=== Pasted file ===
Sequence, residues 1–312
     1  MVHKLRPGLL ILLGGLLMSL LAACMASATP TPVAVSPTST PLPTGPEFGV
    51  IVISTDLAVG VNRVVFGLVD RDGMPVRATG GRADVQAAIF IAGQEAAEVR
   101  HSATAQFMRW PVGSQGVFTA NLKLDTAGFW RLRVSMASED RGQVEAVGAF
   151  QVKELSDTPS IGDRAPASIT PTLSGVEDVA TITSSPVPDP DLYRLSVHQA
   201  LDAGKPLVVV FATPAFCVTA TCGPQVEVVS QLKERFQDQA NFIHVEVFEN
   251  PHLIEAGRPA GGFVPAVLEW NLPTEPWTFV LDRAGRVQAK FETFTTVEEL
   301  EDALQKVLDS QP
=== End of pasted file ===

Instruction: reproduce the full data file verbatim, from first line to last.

Sequence, residues 1–312
     1  MVHKLRPGLL ILLGGLLMSL LAACMASATP TPVAVSPTST PLPTGPEFGV
    51  IVISTDLAVG VNRVVFGLVD RDGMPVRATG GRADVQAAIF IAGQEAAEVR
   101  HSATAQFMRW PVGSQGVFTA NLKLDTAGFW RLRVSMASED RGQVEAVGAF
   151  QVKELSDTPS IGDRAPASIT PTLSGVEDVA TITSSPVPDP DLYRLSVHQA
   201  LDAGKPLVVV FATPAFCVTA TCGPQVEVVS QLKERFQDQA NFIHVEVFEN
   251  PHLIEAGRPA GGFVPAVLEW NLPTEPWTFV LDRAGRVQAK FETFTTVEEL
   301  EDALQKVLDS QP